Body Condition Score How-to

Review this step-by-step video on how to body condition score a horse!

Equine Guelph has developed a quick 60-second video to show you which areas of the horse to look at when body condition scoring.

Additional assessment methods

Calculating a horse’s body weight can help you with monitoring the horse’s health and with calculating how much forage and other feed they should be receiving. Learn how with this video!

Topline Scoring

Topline Scoring is another method that can be used to assess a horse. While body condition scoring evaluates the horse’s fat, topline scoring evaluates the horse’s muscle. This means that a horse could be at an ideal body condition score, but still not have the muscle required for optimum health and performance. This often indicates a problem with the quality and/or quantity of protein in the horse’s diet. Take a look at the description of topline scoring that is outlined below and learn more by reading this Equine Guelph article.

AThe horse has ‘ideal muscle development’. The back, loin and croup are full and well rounded. The topline muscles are well developed and blend smoothly into his ribs. The horse should be able to perform work requiring the use of all of these muscles.
BThe ‘back area is concave’ (sunken) between the vertebrae and the top of the ribs: 1. You may have trouble fitting this horse with a saddle.2. The muscle atrophy in this area may cause back soreness when worked.3. Soreness can negatively impact their attitude and performance.4. The loin muscles are well developed and are the same height as the spinal processes, i.e. you cannot see or palpate the spinal processes.
CThe ‘back and loin areas are both concave’ (sunken) between the vertebrae and the ribs: 1. The ‘spinal processes’ in the loin area are higher than the muscles beside them and can easily be seen and palpated. 2. The atrophied muscles in the back and loin areas weaken the horse. 3. The length of time they are able to work and perform will be compromised, causing them to tire easily. 4. Muscling over the croup and hindquarters are well developed and rounded.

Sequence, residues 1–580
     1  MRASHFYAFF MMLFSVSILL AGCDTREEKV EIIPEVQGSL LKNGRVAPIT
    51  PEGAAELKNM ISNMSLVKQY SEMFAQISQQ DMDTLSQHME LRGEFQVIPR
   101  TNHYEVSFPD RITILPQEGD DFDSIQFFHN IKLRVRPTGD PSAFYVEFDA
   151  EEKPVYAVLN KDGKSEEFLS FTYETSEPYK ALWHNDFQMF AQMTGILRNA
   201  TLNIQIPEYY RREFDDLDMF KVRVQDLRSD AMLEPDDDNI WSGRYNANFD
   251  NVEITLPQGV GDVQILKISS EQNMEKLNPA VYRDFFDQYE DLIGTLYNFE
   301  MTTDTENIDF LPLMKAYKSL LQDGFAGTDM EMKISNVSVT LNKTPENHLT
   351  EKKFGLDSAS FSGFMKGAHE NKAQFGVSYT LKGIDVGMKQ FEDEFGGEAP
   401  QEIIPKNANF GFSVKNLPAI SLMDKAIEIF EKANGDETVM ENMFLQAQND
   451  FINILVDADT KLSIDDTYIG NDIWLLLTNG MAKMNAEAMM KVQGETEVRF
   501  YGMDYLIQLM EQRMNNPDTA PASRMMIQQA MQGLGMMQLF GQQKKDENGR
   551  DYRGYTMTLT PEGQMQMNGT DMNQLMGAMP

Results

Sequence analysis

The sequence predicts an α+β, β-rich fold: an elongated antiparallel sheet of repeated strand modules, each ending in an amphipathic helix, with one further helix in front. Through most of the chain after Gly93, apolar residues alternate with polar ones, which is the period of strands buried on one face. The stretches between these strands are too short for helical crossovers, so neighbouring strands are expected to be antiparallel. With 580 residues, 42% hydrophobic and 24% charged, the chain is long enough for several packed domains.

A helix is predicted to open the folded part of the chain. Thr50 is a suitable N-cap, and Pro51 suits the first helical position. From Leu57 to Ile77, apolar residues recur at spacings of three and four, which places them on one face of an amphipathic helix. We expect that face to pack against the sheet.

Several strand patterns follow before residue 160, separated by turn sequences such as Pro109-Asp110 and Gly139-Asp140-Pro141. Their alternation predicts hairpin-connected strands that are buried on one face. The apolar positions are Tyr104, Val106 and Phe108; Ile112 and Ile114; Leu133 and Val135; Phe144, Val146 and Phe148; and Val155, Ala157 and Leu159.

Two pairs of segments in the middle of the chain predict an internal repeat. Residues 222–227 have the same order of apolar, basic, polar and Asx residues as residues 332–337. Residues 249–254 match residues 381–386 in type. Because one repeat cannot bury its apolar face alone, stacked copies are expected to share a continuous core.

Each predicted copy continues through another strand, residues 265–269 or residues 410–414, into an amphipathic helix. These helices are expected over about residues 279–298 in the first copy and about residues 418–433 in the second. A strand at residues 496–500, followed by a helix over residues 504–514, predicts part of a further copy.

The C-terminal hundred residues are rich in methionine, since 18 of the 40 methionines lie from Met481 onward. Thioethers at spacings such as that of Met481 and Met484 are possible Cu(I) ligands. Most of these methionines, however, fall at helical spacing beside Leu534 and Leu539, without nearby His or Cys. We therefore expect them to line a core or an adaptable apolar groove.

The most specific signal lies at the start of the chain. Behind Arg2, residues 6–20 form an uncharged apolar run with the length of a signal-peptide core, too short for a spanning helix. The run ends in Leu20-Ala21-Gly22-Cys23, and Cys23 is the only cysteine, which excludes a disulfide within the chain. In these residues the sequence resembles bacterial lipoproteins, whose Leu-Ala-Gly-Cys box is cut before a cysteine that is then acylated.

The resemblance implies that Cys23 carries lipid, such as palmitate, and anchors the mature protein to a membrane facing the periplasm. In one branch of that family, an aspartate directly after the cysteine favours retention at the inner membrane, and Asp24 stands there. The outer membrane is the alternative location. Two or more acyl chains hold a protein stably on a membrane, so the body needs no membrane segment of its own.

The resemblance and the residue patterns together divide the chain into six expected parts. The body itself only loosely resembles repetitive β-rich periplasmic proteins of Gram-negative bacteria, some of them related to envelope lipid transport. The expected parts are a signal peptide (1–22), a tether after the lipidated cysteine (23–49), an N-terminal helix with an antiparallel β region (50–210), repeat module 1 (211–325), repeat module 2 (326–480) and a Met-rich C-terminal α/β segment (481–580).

DAll three areas of the topline, including the back, loin and croup areas are concave (sunken): 1. The croup appears pointed at the top since the vertebrae and hip bones are higher than the muscles in-between them.2. In severely affected horses, the width of their stifle is narrower than the width of their point of hip.3. This horse will lack the strength and stamina to perform and the muscle atrophy will cause discomfort when worked.

Cresty Neck Scoring

Cresty Neck Scoring can also be used to evaluate horses. It evaluates the amount of fat on the neck of a horse and can be as an indicator of whether the horse is overweight and/or at risk of metabolic disease.

Portrait of a gypsy horse

A description of the cresty neck scoring system can be found below and comes from the 2009 study by Carter et al.

0No visual appearance of a crest (tissue apparent above the ligamentum nuchae). No palpable crest. 
1No visual appearance of a crest, but slight filling felt with palpation.
2Noticeable appearance of a crest, but fat deposited fairly evenly from poll to withers. Crest easily cupped in one hand and bent from side to side. 
3Crest enlarged and thickened, so fat is deposited more heavily in middle of the neck than toward poll and withers, giving a mounded appearance. Crest fills cupped hand and begins losing side to side flexibility. 
4Crest grossly enlarged and thickened, and can no longer be cupped in one hand or easily bent from side to side. Crest may have wrinkles/creases perpendicular to topline. 
5Crest is so large it permanently droops to one side.